I refer to the Editorial titled “Fallout from the Hougang showdown” (ST, 29 May 2012, p A17).
I share the writer’s view that “anyone who claims to promote the idea of First World democracy should take care to uphold its institutions, including the media.”
At the by-election public rally on 24 May, I said that, “The media is a potentially powerful tool for or against certain political parties. Therefore, it is imperative that the media must become a reliable source of information for the people, independent from the strong influence of the government…We must not allow the media to be used by the government as a political tool.”
At the press conference on the night of 26 May, I reiterated that only with an independent media that presents fair and accurate information, could the people make an informed choice of their Member of Parliament.
In the recent campaign, I detected biased reporting, calculated to damage the Workers’ Party candidate and the Party itself. For example, the front page of The Straits Times on 23 May showed a large photo of Party chairman, Sylvia Lim, and myself talking to each other with grim faces at our rally, with the candidate in between, headlined: “WP faces allegations of dishonesty.” This was after the accusations had already been publicly clarified.
The writer is wrong to suggest that I am unhappy because there were adverse reports about WP. I welcome scrutiny of WP, but when images and headlines are manipulated to mislead readers, is it acceptable?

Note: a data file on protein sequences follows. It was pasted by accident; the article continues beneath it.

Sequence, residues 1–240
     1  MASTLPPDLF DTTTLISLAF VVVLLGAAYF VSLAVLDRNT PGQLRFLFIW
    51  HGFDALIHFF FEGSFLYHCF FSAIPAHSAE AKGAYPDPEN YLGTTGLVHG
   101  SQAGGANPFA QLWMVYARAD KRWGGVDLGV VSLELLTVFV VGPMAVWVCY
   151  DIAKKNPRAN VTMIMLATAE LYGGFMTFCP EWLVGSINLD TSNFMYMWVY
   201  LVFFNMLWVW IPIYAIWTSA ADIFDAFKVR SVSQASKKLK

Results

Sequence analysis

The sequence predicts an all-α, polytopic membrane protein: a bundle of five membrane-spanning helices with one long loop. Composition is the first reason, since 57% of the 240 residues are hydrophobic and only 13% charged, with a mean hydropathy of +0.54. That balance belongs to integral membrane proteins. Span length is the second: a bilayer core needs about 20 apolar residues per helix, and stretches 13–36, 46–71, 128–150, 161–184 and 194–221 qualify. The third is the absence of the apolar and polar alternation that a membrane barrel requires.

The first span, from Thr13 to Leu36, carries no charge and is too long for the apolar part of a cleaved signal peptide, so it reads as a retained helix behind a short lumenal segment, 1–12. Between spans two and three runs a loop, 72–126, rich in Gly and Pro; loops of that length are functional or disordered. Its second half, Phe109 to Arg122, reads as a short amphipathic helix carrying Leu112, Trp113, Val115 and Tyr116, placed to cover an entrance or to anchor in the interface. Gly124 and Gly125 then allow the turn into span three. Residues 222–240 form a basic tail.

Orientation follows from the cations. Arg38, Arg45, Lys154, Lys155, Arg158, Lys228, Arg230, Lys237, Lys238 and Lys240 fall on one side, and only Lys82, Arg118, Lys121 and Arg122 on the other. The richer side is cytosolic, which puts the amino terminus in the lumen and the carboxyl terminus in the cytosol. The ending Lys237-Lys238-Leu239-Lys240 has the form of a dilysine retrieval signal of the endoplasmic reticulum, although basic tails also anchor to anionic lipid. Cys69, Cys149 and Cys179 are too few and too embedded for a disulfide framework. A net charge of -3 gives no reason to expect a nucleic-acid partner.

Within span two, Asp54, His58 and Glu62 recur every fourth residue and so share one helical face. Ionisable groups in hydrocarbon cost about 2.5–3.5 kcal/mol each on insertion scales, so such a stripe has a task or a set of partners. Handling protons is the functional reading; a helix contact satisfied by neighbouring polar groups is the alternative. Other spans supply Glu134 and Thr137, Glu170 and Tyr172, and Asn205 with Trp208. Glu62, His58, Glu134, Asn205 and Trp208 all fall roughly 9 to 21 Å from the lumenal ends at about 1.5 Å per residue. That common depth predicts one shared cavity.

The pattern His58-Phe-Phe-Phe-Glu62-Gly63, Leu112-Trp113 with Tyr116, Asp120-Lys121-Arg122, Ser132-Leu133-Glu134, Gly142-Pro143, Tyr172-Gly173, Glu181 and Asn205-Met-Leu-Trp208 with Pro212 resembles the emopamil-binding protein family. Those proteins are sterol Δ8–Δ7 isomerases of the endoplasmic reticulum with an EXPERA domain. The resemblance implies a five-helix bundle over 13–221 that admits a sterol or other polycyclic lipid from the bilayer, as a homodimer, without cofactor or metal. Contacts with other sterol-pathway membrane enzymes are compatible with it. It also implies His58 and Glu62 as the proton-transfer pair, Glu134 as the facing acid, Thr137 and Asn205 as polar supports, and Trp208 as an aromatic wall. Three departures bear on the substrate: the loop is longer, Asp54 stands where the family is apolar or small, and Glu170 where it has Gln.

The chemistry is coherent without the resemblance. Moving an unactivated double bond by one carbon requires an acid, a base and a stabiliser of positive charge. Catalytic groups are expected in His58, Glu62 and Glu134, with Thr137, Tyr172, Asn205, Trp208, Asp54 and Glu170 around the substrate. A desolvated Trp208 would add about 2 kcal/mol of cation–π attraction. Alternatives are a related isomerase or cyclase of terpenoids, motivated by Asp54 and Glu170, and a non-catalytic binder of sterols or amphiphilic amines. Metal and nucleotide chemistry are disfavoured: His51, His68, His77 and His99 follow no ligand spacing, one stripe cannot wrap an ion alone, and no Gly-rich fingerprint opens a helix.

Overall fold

The media also reported unverified news and anonymous opinions. In Lianhe Zaobao yesterday, I cited the front-page report by MY PAPER on 24 May 2012, featuring an email interview with the “Secret Squirrel”, who claimed to be a WP member, attacking WP. I have asked MY PAPER whether they have established and verified the identity of “Secret Squirrel”.
Based on my 30 years’ experience in Singapore politics, I am well aware of the critical role media can play towards a First World democratic society. The recent reportage of the Hougang by-elections leaves me concerned. The media can become a stumbling block to the progress of democracy in Singapore and set us back by 20 years. Whether this is unfounded or not, I leave it to Singaporeans to judge.
Low Thia Khiang
From WP’s website: http://wp.sg/2012/06/mr-low-thia-khiangs-letter-to-straits-times-forum/